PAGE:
Deutsche Bank has relocated hundreds of its Russian-based IT specialists to Germany following the Russian invasion of Ukraine, according to the Financial Times reported Tuesday.
The Frankfurt-based bank has relocated about half of its 1,500 highly skilled software developers based in Moscow and St. Petersburg and their families over the past three months, citing hardship caused by war and Western sanctions that followed against Russia.
The bank did not say what it plans to do with its remaining IT presence in Russia.
“We continue to examine our options there. [in Russia]a senior bank executive told the Financial Times.
Deutsche Bank has relied heavily on Russian tech workers in the two decades since it opened its tech center there. Russian workers make up about a quarter of its investment bank’s in-house IT staff.
But when Russian President Vladimir Putin ordered his troops across the border into pro-Western Ukraine on Feb. 24, the bank began looking for ways to limit the impact of war on its computing capabilities.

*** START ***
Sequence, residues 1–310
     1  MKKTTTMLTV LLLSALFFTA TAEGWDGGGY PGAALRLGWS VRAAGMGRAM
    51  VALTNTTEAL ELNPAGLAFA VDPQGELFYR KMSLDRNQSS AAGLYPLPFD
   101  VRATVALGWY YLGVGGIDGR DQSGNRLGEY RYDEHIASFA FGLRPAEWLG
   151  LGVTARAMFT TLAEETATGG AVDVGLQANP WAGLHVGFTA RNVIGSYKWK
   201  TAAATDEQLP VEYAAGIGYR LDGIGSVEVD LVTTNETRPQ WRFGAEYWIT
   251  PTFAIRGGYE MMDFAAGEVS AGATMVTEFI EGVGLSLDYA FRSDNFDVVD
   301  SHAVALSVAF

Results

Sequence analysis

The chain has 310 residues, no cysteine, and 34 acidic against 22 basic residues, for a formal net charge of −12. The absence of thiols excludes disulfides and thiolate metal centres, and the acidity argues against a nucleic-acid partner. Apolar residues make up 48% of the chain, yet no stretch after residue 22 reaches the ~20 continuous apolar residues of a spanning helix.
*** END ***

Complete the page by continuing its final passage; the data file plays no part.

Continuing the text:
The bank insists that the relocation of its Russian employees was “not an evacuation”, but “a normal relocation of staff” on “a size and scale far beyond what we would normally deal with”, said a source close to the bank. .
“We went to great lengths to make sure everyone understood that [moving to Germany] was optional,” another source involved in the relocation told FT.
In total, about 2,000 people officially immigrate to Germany, according to FT.
The departures are part of a wider brain drain from Russia in the three months since the invasion of Ukraine and deal a further blow to Russia’s efforts to cultivate a competitive tech sector at home. global scale.
It is estimated that more than 300,000 Russians have left the country since February, around 70,000 including highly qualified IT specialists.
Many IT workers who left cited opposition to war and fears of economic hardship and possible mass military mobilization, as well as Western sanctions and tech company exits making working in IT extremely hard.